“Aimed at shipowners, operators and ship superintendents; marine engineers, structural and design engineers; naval architects and marine surveyors; corrosion specialists; welding experts; materials and equipment manufacturers; ship repairers; and maintenance specialists the conference will cover aspects of failure associated with the structural and machinery aspects of ships and offshore installations that contribute to failure. Our speakers will be offering practical help and advice on avoiding those failures – the old adage ‘prevention is better than cure’ certainly rings true in the maritime world, and the conference is designed to provide really practical advice that will help save money.
“I am delighted that Richard Vie FIMarEST, Vice President Technical Development and Quality Assurance, Corporate Shipbuilding, Carnival Corporation & plc, and President Elect of IMarEST has accepted our invitation to deliver the opening morning keynote address on ‘The hidden costs of failure’.”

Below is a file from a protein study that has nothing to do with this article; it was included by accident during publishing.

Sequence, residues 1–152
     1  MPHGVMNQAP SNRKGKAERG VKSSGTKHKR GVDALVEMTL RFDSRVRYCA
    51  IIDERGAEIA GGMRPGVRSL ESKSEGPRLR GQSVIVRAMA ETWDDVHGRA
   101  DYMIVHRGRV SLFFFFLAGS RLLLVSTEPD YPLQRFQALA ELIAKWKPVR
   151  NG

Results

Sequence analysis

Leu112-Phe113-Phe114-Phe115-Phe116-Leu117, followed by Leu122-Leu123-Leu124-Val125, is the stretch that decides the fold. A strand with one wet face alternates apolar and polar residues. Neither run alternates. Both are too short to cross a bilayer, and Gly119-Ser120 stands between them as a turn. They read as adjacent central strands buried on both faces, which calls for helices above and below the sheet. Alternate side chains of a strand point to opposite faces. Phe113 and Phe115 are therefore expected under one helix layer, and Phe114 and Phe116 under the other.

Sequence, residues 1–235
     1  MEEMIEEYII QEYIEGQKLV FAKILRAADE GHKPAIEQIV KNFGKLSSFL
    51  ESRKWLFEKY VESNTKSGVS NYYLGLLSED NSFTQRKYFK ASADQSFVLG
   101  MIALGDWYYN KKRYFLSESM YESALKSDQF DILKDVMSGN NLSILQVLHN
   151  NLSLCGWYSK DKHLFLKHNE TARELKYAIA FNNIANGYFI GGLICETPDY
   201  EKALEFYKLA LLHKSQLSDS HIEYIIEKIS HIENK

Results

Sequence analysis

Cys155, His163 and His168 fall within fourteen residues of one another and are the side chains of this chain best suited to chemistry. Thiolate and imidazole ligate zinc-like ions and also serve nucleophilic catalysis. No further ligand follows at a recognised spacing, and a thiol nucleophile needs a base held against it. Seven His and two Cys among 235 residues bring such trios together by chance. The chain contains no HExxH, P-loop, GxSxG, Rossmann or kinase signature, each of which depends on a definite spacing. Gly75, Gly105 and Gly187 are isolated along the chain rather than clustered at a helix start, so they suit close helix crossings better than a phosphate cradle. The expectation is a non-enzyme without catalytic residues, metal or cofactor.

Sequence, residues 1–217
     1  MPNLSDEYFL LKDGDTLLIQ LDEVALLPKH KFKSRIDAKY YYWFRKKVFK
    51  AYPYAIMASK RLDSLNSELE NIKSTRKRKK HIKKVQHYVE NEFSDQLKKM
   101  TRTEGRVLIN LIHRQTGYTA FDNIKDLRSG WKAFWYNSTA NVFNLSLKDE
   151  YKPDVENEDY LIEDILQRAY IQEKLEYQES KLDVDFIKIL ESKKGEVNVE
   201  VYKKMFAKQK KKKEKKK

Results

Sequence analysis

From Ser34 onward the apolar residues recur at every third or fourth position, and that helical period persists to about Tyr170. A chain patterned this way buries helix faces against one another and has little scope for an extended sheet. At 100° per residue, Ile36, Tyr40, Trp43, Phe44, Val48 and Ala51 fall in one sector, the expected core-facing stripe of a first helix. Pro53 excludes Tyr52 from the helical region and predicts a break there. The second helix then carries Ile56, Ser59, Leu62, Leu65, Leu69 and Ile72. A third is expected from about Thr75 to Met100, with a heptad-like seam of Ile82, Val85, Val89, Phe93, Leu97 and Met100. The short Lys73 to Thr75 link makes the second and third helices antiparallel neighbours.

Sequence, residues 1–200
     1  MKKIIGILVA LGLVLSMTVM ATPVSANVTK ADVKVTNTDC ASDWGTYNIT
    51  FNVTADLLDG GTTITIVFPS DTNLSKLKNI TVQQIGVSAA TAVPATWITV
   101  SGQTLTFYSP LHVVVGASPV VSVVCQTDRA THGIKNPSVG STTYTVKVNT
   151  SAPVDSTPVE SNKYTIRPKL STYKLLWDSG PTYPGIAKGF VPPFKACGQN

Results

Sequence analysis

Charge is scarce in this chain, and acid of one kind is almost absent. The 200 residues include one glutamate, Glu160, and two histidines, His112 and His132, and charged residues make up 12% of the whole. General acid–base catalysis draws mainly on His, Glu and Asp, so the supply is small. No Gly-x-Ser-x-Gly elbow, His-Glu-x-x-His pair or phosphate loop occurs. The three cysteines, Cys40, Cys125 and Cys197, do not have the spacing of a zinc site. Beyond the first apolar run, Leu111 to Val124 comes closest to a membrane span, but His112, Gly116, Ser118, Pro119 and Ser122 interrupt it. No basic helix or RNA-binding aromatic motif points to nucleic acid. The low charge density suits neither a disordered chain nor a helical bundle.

Highly relevant two days
Sessions on structural failure, mechanical failure, systems failures and human failure then span the two days.
Topics coming under the conference spotlight in the structural failure session include ‘Failure prevention through good design’; ‘Understanding weak spots in hull structures’; ‘Developments in preventing fatigue on large ship structures’; ‘Recent marine failure investigations’; ‘Cryogenic material failures’ and ‘Ultimate strength of ship structures and designing for plastic collapse’.
This is followed on the first day by the mechanical failure session in which there will be presentations on ‘Minimising the dangers of microbial infestation’; ‘Micro emulsion – a technology for cutting the risk of cat-fines damage’; and ‘Cavitation erosion fracture mechanics’.
The second day opens with the systems failures session featuring presentations on ‘Risk management: Assessment of the risk of failure occurring’; ‘Approaches to systems based computer failures and integrity assurance of computer based systems for ships’; ‘Electrical systems failures’; and ‘Role of the organisational culture in failures’. And the conference ends with two presentations on human failures – ‘Failure through fatigue’ and ‘The role of simulators within the Irish Naval Service’.